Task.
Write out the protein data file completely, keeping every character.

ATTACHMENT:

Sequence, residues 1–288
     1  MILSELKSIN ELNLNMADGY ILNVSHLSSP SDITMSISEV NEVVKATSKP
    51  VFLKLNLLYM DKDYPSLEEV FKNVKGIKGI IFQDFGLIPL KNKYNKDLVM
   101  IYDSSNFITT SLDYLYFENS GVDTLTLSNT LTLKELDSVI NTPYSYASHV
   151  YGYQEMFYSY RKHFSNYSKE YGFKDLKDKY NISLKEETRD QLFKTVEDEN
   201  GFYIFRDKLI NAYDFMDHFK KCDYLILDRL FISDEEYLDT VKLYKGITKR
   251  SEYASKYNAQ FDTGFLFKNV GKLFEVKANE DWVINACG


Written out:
Sequence, residues 1–288
     1  MILSELKSIN ELNLNMADGY ILNVSHLSSP SDITMSISEV NEVVKATSKP
    51  VFLKLNLLYM DKDYPSLEEV FKNVKGIKGI IFQDFGLIPL KNKYNKDLVM
   101  IYDSSNFITT SLDYLYFENS GVDTLTLSNT LTLKELDSVI NTPYSYASHV
   151  YGYQEMFYSY RKHFSNYSKE YGFKDLKDKY NISLKEETRD QLFKTVEDEN
   201  GFYIFRDKLI NAYDFMDHFK KCDYLILDRL FISDEEYLDT VKLYKGITKR
   251  SEYASKYNAQ FDTGFLFKNV GKLFEVKANE DWVINACG